Managing big gas well requires careful monitoring to ensure optimum wells production within their operating envelopes whilst continuously obtaining production data. Such data improves subsurface understanding over time and become a basis for optimization exercises, wellwork initiation, and quick corrective actions. Tangguh all-inclusive well surveillance integrates various daily data analysis into an efficient well surveillance process. It essentially looks for both early problem signs and improvement opportunities, enabling ahead anticipations.
Tangguh real time surveillance allows continuous parameter monitoring: pressures, temperatures, choke opening, multiphase flowrates, sand detection, annuli pressures, and system backpressure. A semi-automatic system then integrates all available data quickly and allow engineers to perform meaningful analysis timely. The integration is a significant upgrade over the past surveillance practice, where typically more time spent on data gathering instead of the analysis; and missing anomalies that happened in unmonitored parameters while concentrating on a specific parameter.
Combining with some non-routine data acquisitions, this well surveillance integration enables a quick and thorough well performance review and assists unlocking optimization opportunities. Three examples below demonstrate value creation from the integrated well surveillance.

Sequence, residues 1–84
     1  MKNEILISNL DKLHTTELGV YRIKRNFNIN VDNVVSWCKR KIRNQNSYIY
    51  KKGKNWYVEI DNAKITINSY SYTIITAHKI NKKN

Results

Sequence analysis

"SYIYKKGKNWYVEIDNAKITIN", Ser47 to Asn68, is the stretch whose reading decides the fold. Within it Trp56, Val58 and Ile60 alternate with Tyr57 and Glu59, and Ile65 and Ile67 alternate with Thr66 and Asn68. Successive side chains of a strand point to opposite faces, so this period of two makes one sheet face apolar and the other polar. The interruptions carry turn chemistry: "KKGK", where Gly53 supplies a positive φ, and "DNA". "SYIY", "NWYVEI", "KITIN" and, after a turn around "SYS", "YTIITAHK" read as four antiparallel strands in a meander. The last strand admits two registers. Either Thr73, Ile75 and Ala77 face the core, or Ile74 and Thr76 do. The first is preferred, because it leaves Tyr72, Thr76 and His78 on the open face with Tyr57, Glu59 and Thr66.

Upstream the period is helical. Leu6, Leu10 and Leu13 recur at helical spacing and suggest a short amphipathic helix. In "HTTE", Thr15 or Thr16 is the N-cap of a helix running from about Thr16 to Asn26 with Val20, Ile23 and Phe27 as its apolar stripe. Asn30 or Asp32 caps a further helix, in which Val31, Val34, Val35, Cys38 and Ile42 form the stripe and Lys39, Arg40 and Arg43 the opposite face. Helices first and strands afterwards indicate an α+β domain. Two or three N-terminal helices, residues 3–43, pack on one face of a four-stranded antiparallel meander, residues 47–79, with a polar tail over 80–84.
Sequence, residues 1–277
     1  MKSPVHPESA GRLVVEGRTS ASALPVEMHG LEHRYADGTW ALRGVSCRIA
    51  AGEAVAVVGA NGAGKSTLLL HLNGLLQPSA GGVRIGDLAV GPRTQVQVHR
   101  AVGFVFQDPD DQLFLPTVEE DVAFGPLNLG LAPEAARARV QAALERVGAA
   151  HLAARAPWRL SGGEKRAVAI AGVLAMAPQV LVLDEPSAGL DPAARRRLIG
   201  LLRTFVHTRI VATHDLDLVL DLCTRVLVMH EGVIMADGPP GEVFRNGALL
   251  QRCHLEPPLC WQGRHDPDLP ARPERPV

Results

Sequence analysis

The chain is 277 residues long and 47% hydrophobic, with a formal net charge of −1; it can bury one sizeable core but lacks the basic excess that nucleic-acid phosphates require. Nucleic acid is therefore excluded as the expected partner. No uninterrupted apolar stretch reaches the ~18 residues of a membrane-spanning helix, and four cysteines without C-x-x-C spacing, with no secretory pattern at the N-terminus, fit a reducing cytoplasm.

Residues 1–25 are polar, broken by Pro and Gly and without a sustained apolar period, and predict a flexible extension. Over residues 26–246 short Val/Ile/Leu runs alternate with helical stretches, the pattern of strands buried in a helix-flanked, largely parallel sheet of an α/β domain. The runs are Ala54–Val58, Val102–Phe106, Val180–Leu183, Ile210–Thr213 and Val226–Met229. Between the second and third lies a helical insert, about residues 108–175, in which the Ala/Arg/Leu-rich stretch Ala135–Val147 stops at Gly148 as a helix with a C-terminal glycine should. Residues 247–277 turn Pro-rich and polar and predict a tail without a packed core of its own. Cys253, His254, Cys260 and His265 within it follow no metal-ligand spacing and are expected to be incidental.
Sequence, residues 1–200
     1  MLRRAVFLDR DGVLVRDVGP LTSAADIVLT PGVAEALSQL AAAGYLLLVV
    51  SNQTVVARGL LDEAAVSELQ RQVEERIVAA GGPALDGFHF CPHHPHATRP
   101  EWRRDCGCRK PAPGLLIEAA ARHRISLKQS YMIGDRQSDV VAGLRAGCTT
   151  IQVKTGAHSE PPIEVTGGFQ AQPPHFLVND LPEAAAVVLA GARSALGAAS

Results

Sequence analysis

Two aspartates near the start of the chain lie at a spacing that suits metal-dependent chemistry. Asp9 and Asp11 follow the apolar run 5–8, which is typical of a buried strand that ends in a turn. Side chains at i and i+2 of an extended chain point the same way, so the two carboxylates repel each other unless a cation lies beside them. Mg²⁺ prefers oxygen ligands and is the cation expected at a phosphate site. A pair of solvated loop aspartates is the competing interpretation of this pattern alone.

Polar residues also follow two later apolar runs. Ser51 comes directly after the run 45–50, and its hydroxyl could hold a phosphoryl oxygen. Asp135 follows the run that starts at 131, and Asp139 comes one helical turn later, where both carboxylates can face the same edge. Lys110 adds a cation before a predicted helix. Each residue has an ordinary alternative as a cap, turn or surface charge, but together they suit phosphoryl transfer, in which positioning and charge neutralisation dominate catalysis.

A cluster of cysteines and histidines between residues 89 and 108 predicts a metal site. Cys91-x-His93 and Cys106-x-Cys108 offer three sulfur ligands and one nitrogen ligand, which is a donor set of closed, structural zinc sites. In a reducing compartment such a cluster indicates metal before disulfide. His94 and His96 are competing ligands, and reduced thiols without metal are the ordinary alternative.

First example: combining real time well data and the non-routine acquisitions enable robust well productivity model construction. This has improved the understanding of each well productivity and operating limits, which upon evaluating lead to deliverability increases by simple well limits upgrade and debottlenecking projects. Other result includes assistance in defining restoration wellwork candidate.
Second example: by continuous comparison between real time data and calculated performance model, the surveillance has shown its ability to detect well choke trim damage while flowing. This successfully prevented problem escalation into a more serious safety incident, such as gas release from an eroded choke valve.
Third example: despite the challenges in accurate dry-gas-well liquid rate measurement, continuous water source identification is applied honoring the significant reserve it may impact, starting from routine salinity monitoring, theoretical condensed comparison against receiving facility figures, and material balance plots. All positively indicate no aquifer breakthrough yet so far.